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credit: Tin House Books

Jenn Shapland, My Autobiography of Carson McCullers (Tin House, 2020), pp. 288.     

This review was originally published in the Fall 2020 print issue of Carolina Quarterly.

In my application to graduate programs in fiction writing, I wrote that the Southern canon sang back to me certain notes of my experience, but condemned or ignored others. The lanky, tomboyish Mick Kelley, of The Heart is a Lonely Hunter, was my case study. Mick seemed so much like a queer character that her heterosexual encounters were difficult to make sense of–they felt to me, as a young queer reader, almost like a personal betrayal. In reading a preliminary review of Jenn Shapland’s debut, My Autobiography of Carson McCullers, out from Tin House Books, I was initially gobsmacked to learn that famed twentieth-century Southern author Carson McCullers was a lesbian. A few moments later, I realized I’d probably known it all along. 

My Autobiography traces Shapland’s attempts to map this omission from McCullers’ cultural legacy and the accounts of her biographers, which parse nearly every other aspect of the author’s bohemian, liquor-laden personal life. The Heart is a Lonely Hunter was a precocious debut, released to great acclaim when McCullers was just 23. Like many of the other novels she penned before her death just three decades later, Hunter centers quirky outcasts from the margins of Southern society whose big emotional lives blossom in oxygen-deprived places. Her characters chafe against a multitude of constrictions, from the South’s most oppressive social forces to the limitations of language itself. McCullers’ work took the racism of small-town Georgia to task so unapologetically that she earned the public scorn of old guard greats like Flannery O’Connor. Ableism and homophobia are also frequent antagonists in McCullers’ oeuvre, but much of the latter is subtextual, particularly when the characters in question are girls or women. My Autobiography promises to be an uncovering of hidden facts but manages something more complex and more difficult—to write around absence until its outline begins to give it form.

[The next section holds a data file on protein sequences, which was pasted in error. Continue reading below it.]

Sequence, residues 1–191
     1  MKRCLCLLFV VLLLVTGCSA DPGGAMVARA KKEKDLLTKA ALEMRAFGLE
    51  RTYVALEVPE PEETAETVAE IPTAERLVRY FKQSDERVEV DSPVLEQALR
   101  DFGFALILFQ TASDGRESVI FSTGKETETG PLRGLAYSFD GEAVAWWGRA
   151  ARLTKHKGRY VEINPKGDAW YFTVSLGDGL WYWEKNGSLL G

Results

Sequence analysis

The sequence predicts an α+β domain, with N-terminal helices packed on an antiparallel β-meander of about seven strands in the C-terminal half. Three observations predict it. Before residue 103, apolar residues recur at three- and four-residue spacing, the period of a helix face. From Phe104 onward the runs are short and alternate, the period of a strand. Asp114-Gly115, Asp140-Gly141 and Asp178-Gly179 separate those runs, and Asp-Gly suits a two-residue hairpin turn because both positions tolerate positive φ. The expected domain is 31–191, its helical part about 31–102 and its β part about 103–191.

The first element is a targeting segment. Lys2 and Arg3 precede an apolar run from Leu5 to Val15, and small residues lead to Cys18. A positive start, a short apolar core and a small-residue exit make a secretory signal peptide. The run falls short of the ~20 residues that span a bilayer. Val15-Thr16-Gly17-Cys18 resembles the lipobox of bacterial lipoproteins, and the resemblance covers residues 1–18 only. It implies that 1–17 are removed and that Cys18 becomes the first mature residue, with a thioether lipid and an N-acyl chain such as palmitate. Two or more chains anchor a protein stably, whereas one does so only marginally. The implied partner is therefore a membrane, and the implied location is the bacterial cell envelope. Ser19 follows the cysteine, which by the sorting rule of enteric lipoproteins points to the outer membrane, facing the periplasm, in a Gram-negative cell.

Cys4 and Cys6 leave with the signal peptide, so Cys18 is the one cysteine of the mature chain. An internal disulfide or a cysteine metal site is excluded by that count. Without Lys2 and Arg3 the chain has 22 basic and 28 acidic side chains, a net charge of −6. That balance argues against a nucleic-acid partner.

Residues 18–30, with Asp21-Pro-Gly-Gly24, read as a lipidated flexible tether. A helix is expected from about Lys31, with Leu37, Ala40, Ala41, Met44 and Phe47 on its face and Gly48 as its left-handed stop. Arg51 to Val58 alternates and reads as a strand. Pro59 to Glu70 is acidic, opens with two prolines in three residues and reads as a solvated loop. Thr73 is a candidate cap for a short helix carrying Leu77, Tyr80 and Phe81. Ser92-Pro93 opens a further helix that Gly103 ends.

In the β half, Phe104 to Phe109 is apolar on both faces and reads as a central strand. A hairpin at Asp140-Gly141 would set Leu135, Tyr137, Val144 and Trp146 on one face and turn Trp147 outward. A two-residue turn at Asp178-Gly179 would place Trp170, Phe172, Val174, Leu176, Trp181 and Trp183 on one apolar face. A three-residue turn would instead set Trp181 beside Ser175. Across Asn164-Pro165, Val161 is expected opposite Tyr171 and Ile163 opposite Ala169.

As a disenchanted Ph.D. student, Shapland lands an archival internship at the University of Texas at Austin’s Harry Ransom Center, which becomes the setting for the memoir’s dual inciting incidents. It is amid the dank stacks that Shapland both meets Chelsea, her future partner, and discovers a trove of Carson McCullers’ love letters. Though the stylish Annemarie Clarac-Schwarzenbach, a transplant from Swiss high society to New York, was officially McCullers’ roommate during the author’s troubled marriage, the letters suggest more. For Shapland, who spent six years in a secret relationship with a “roommate,” this is the first of several uncanny coincidences that draws her to McCullers’ story. But are they so uncanny? Are they even coincidences? I, too, had a roommate who was more than a roommate before I came out. These shared experiences are also tropes of the closet, no less real for bordering, a bit exhaustingly, on the cliche. 

Shapland begins her first public lesbian relationship alongside an obsessive deep dive into Carson McCullers’ romantic life. Though the women were born a half century apart, Shapland assures us that they share a sun sign if you use the right astrological calendar. Their lives converge not only in theme, but in two physical places. The first is the McCullers’ historic home in Columbus, Georgia, where Shapland stays for a residency; the second is Yaddo, the famed arts colony, where Shapland is admitted off the waitlist and feeds a mouse the afternoon carrot sticks she imagines McCullers didn’t eat, either.  Like her subject, Shapland suffers from a chronic illness, possessing a particular empathy for the nefarious and ill-understood impact of ever-present fatigue on the life of a writer.